"All of my gems," Mother Earth says, "are precious to me." It's just that some are worth millions of dollars because of a two-party oligarchy of merchants choking the supply, which leads to an inflated market value, while others are relegated to just sit and be silently beautiful. And some of those more-desirable rocks have led to obvious atrocities such as the RUF cutting off people's limbs in Sierra Leone (see Blood Diamond and Kanye West for a full backstory), as well as less-apparent travesties such as the creation of a sickening relationship between the value of a gem and the amount of "romance" or "love" or "bling" the person possessing said gem enjoys.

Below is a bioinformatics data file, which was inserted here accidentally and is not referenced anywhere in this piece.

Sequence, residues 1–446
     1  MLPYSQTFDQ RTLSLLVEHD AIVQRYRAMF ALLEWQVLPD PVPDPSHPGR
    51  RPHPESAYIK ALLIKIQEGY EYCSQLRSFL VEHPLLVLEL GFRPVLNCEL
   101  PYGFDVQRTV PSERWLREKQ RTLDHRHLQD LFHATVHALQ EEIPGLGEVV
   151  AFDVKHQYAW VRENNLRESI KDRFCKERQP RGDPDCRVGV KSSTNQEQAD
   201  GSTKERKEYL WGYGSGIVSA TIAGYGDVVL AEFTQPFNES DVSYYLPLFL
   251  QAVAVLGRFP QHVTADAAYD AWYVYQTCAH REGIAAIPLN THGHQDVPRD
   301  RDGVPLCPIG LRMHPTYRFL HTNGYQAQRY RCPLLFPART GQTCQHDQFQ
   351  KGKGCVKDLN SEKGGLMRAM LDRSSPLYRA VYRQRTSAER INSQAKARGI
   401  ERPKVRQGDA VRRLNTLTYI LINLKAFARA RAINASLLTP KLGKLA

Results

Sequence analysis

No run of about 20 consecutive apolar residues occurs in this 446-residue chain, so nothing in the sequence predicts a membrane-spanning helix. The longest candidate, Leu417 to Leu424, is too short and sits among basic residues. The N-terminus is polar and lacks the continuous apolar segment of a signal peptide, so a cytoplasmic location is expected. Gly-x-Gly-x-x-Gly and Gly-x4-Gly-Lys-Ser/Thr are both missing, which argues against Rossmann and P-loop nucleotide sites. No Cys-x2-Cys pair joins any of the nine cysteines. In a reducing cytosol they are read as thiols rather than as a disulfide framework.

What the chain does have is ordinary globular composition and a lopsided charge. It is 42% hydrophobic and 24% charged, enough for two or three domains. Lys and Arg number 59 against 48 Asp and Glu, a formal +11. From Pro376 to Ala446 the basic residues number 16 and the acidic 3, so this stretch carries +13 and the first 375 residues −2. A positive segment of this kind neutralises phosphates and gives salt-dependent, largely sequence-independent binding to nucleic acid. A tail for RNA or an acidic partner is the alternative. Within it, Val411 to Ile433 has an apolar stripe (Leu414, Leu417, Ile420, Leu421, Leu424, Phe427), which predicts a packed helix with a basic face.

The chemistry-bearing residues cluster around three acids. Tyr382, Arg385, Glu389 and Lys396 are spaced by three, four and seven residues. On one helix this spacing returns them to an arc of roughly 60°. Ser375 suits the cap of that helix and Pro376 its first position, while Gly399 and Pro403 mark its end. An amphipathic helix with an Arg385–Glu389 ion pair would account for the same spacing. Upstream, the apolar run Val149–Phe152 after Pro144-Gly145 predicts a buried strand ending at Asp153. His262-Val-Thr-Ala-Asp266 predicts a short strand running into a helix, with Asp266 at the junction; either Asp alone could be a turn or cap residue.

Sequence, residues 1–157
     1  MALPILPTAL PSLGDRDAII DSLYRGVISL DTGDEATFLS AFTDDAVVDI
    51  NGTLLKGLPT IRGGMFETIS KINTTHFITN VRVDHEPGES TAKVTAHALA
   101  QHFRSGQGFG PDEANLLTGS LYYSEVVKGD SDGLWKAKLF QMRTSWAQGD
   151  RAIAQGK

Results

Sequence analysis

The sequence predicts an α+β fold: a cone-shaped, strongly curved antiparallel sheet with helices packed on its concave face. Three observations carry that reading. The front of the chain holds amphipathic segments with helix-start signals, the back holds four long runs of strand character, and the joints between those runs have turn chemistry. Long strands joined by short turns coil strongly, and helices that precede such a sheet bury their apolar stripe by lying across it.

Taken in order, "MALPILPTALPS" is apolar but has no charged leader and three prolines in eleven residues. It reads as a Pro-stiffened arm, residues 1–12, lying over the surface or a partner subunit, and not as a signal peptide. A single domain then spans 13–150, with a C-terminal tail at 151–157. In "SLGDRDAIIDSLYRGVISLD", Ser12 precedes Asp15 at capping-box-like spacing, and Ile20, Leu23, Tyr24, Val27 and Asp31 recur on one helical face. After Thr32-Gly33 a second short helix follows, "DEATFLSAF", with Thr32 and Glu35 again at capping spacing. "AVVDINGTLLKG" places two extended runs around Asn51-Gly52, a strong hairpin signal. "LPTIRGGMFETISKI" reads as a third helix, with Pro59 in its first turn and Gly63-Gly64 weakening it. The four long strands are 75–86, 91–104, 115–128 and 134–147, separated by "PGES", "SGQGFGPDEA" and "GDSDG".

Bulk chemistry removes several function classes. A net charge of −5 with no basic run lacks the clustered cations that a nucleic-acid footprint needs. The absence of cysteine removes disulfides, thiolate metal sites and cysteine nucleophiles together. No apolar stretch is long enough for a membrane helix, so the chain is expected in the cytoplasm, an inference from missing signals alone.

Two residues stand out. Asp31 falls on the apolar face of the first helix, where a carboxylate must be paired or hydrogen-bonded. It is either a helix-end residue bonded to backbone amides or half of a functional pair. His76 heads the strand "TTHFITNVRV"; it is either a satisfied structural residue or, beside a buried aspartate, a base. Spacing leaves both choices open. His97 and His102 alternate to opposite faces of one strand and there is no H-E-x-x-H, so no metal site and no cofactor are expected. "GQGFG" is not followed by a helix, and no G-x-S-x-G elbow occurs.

While everyone knows about boring ol' diamonds, there are, in fact, other precious stones out there. Precious colorful stones that a geologist or gemologist (yes, there is such a thing) might find thrilling in their daily work may also be of interest to ordinary baby blingers like us.
In an effort to remind everyone of the variety of Earth's wondrous bounty, the Bowers Museum recently unveiled their newest exhibit, "Gems! Colors of Light and Stone," featuring collector stones that are too rare to be used in the kind of jewelry that anyone reading this could buy, antique jewelry (show me a woman who doesn't appreciate antique jewelry, and I'll show you a heart of stone. Get it? Stone?), and uncommon color varieties including something called a green tanzanite. Tanzanite! Even the word shimmers.
"Gems! Colors of Light and Stone" at the Bowers Museum, 2002 N. Main St., Santa Ana, (714) 567-3600; www.bowers.org . Tues.-Sun., 10 a.m.-4 p.m. Through June 16, 2008. $12-$19.